This blog has just turned 9 years old, and for the majority of those years it has, like virtually every other blog in the world, provided an RSS feed for people who wish to subscribe so they don’t have to manually check the site for updates.
A feed is a machine readable version of a blog (or any other kind of regularly updated site) which allows the content to be reproduced in other contexts; eg you can see my posts in Google Reader here. This would be fairly pointless if you only read my blog, but if you read 10, 100 or 1000 blogs, you can read new content as it appears, from all of them, all in one place.
Unfortunately, even though blogs have offered these feeds for more than a decade, hardly anyone uses them. A minority of my personal acquaintances have the faintest clue what an RSS or Atom feed even is, let alone how to use it.
And so for this reason, whenever I create a new post I go and post a link to it on Facebook, Twitter, and now Google+. Do you know the main reason why anyone over the age of 15 uses any of these services? I’m pretty sure it is simply so they can keep abreast of what their friends are thinking/doing. That’s why I use them anyway.
I’m not claiming that Facebook et al don’t offer functionality beyond that covered by blogs with RSS feeds, but it pains me that there are hundreds of millions of web sites out there with built in facility to subscribe directly, and yet so few people use this feature. Instead every entity that wants to be followed must create a stupid page on FB so people can friend or follow them there. And Facebook is a horribly overgrown privately owned walled garden which is designed to suck people in and then discourage them from going out again.
So what if I decide I hate Facebook (which I do) and don’t want to have an account with them? Can people on Facebook follow me anyway, seeing my updates on their wall just as they would those of their friends? Long answer: possibly, with the help of some jiggery pokery and maybe an app to facilitate it, but short answer: NO. Anyone who doesn’t know what RSS feeds are and what Google Reader does is not going to know how to achieve this. Same goes for Twitter and Google+; if either of these services has a means to subscribe to a third party feed, they sure hide it well.
Worse still of course is that even people on Facebook can’t easily follow people on Twitter or Google+, and the same goes for the other way around.
Is this not almost as stupid as email in the 90s when everyone’s mailbox was tied to their ISP, and they couldn’t easily move somewhere else when they realized that this was incredibly restrictive? When I see someone still using a @bigpond.com.au address, I just feel kind of sad for them. I had a few of those addresses, and of course they are long gone now, along with the messages I received.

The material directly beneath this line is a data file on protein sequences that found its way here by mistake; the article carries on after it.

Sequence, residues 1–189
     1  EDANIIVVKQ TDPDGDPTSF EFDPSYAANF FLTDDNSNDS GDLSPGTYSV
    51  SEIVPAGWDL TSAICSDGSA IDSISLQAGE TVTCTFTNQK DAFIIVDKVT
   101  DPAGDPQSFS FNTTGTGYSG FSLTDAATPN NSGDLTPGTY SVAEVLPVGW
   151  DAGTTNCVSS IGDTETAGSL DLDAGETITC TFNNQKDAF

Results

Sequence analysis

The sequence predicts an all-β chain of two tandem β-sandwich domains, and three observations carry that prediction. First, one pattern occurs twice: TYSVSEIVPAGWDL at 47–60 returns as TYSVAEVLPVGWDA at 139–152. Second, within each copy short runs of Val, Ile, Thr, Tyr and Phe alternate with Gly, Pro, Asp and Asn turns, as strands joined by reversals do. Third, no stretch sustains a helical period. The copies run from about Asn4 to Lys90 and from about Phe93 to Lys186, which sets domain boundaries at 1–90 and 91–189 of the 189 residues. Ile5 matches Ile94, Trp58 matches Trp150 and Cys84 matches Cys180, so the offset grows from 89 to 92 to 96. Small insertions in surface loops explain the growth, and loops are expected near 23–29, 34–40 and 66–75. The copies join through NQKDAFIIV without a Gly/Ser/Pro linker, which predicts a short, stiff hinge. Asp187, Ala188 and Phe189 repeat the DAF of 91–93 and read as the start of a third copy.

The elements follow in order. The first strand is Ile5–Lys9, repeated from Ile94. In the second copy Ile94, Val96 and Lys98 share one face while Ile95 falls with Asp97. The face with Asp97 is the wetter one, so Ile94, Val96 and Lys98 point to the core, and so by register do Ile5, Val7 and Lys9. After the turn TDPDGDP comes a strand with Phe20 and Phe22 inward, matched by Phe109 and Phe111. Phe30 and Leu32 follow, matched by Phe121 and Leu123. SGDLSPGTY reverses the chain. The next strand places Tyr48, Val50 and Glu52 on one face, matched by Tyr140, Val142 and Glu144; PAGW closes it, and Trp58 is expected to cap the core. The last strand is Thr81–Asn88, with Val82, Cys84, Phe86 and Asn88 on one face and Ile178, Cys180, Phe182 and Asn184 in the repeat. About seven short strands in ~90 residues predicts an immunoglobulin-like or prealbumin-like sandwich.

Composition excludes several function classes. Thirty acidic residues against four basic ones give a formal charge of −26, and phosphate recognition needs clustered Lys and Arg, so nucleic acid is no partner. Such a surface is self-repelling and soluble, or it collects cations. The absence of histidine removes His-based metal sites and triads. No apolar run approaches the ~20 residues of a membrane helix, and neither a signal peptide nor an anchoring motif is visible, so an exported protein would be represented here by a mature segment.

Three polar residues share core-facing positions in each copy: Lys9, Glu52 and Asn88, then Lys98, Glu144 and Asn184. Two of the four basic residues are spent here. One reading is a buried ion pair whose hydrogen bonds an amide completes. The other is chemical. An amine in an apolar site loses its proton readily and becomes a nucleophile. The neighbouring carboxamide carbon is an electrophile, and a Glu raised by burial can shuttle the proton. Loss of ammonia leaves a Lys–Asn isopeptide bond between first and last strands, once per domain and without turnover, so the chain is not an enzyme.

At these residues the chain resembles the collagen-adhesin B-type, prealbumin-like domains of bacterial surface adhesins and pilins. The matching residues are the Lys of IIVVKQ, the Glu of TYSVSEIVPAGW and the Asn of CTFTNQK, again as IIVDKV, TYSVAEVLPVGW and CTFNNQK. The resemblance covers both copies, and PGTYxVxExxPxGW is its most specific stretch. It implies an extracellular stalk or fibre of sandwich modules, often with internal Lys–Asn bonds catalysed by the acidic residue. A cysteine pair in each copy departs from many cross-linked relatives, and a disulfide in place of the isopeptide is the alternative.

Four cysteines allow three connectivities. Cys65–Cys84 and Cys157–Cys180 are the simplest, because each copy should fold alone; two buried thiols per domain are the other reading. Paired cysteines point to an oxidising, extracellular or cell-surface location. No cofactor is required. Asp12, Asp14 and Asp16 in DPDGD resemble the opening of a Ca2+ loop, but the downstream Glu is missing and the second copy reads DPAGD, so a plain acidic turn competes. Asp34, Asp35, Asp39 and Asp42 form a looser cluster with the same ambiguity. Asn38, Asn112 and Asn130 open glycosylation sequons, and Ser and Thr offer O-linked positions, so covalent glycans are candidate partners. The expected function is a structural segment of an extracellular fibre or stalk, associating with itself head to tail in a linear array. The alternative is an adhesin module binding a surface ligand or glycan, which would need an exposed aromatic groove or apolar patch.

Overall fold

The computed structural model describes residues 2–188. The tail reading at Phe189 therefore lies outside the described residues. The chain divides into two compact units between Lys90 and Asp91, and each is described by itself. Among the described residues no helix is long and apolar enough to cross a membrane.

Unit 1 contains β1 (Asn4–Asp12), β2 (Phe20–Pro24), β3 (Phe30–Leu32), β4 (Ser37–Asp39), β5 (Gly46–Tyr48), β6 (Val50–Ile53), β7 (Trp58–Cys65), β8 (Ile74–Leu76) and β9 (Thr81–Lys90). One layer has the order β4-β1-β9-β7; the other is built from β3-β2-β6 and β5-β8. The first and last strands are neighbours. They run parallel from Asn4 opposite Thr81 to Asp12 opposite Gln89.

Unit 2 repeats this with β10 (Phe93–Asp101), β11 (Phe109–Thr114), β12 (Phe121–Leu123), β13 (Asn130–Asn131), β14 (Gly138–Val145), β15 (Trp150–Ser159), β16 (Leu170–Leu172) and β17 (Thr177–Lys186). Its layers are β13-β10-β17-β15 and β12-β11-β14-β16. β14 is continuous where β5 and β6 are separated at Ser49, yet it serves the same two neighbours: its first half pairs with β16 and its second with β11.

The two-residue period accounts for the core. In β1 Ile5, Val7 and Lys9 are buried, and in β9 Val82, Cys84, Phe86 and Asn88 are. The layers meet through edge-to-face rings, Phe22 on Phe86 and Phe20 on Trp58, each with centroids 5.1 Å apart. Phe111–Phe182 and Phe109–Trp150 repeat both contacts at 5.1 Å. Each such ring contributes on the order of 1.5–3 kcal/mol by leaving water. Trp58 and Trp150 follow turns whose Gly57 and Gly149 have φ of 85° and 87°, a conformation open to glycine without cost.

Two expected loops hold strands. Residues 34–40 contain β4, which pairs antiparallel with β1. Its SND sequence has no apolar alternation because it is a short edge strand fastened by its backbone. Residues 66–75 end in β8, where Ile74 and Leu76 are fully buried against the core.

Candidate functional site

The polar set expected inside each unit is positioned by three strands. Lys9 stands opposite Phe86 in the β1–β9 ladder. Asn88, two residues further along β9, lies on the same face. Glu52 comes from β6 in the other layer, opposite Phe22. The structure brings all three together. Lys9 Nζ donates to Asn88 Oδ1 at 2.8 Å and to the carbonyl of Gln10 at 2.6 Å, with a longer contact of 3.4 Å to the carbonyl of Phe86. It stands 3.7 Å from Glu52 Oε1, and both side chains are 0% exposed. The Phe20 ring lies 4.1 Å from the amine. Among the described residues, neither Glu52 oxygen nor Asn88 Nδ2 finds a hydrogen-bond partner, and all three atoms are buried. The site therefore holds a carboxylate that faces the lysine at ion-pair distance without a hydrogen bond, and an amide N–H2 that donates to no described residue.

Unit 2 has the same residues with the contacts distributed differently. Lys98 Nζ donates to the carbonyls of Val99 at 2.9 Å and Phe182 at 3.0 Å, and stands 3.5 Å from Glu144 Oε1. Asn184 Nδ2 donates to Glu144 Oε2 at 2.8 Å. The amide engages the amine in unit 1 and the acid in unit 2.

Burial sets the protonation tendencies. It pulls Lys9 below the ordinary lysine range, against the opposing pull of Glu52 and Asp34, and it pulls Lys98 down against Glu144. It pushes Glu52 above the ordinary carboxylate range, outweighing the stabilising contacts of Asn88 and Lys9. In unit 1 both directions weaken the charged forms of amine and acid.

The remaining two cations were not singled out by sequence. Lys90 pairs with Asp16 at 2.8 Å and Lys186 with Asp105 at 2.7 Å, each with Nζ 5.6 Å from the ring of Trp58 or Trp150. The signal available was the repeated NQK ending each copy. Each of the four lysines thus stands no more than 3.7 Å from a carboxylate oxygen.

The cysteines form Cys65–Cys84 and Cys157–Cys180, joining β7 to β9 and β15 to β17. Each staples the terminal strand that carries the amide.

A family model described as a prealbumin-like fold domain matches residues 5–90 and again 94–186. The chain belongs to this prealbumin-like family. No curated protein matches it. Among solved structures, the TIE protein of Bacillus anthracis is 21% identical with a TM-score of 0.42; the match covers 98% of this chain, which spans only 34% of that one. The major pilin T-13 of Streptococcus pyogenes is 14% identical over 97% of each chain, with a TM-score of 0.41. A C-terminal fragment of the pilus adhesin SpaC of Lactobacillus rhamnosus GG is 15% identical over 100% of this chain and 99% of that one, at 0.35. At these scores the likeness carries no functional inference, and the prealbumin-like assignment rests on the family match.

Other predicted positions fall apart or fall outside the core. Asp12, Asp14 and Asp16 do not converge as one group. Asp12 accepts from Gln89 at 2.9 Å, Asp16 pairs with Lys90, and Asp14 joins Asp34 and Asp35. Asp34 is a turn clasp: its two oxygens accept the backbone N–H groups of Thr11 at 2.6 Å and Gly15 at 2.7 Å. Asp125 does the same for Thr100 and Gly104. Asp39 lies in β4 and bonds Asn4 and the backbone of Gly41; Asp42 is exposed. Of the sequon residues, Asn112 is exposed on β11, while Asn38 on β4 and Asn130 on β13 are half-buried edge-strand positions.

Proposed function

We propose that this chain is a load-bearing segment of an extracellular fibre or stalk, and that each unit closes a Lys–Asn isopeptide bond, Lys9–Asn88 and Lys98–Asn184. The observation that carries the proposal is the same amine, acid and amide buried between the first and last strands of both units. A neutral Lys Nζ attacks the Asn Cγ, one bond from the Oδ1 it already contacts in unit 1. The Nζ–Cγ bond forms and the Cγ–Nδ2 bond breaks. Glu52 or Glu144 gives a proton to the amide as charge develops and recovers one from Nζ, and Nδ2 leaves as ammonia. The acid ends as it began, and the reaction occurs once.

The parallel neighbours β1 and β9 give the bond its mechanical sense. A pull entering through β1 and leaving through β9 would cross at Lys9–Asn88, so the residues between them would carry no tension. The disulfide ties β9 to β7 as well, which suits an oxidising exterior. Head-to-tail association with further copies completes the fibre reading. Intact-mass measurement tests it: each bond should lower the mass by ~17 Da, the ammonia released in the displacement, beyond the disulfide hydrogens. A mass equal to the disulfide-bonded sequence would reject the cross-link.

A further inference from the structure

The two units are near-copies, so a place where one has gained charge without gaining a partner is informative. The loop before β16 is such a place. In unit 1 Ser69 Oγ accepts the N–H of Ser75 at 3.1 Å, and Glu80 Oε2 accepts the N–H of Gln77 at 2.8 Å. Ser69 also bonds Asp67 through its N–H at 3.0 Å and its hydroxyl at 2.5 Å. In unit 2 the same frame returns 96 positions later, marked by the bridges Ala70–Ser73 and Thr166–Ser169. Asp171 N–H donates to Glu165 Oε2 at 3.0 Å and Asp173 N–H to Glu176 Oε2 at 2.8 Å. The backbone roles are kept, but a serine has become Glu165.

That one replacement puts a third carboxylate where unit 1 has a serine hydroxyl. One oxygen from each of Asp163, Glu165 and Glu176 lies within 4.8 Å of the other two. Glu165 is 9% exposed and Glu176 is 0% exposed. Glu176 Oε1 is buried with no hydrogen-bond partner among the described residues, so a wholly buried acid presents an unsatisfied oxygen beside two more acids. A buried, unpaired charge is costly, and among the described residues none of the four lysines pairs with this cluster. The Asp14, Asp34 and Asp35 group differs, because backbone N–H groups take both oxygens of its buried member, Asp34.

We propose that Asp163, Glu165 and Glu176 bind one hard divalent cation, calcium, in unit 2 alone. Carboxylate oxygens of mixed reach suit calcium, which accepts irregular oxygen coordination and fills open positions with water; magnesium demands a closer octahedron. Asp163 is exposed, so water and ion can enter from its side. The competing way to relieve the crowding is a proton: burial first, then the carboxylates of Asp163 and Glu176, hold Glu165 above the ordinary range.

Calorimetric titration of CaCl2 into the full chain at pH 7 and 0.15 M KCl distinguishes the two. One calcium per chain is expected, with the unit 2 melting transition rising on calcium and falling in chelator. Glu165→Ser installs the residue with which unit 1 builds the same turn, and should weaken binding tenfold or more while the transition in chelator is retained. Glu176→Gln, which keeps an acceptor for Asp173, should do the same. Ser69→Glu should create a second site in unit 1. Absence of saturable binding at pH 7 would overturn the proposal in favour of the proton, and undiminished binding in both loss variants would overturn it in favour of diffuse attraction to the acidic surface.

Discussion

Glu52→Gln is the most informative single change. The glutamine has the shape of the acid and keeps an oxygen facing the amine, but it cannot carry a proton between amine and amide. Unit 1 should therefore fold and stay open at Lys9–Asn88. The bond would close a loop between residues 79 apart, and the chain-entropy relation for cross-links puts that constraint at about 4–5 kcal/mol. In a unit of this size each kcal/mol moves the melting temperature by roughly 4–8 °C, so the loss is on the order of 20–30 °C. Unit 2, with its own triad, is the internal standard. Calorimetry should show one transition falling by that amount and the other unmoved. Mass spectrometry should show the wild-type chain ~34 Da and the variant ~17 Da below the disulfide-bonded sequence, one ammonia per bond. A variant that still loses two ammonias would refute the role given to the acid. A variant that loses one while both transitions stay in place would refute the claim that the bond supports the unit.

My hope is that Google+ entering the Social space will put pressure on all players to allow for some level of interoperability (and transferability) for people who don’t want to be locked in to any particular provider or platform, nor to have to maintain accounts on several in order to remain visible to people they want to stay in touch with. In reality there is no sign yet that this will actually happen, and so far Google+ has simply caused Facebook to fart itself awake, steal a few ideas (tit for tat), then roll over and go back to sleep, secure in its obscene level of control over how people interact with each other online.
People I blame for the stagnation and lack of awareness about feeds:
- Google. They own Blogger. Their online feed reader is the biggest and possibly only serious contender for online consumption. And yet when you download Chrome, Google’s own browser, it actually has no built in ability to detect or subscribe to feeds. Even if you click on a feed-link using Chrome, nothing useful happens.
- Dave Winer and the rest of the grumpy old men (aka the “blogfathers”) who spent a lot of time pissing in the wind about whose contribution was the greatest and what the letters RSS actually stand for, and whether they should play nice with the competing Atom standard, without seeming to notice what an unbelievably terrible job they were doing at making people aware of it. Like classic old-school nerds, they ranted about it being the greatest thing since sliced bread while still revelling in the hard-core aspect of it being only for those in the know. If you really want everyone to use something, write a decent spec and then set it free (and don’t make it sound more complicated than it is, you stupid nerds).
- Moveable Type. For being the most hideously bloated and brittle blogging platform imaginable and confusing the shit out of everything with trackbacks and pingbacks when they should have been focusing on really obvious problems like how does one easily subscribe to the replies that might be made to a comment you leave.
- The human brain‘s inability to take on even the simplest of technical concepts without having it jammed in your face. I freely admit it probably would have taken me a long time to “get” RSS/Atom if I hadn’t decided to be a content provider, thus making it imperative that I work out what all this feed business was about.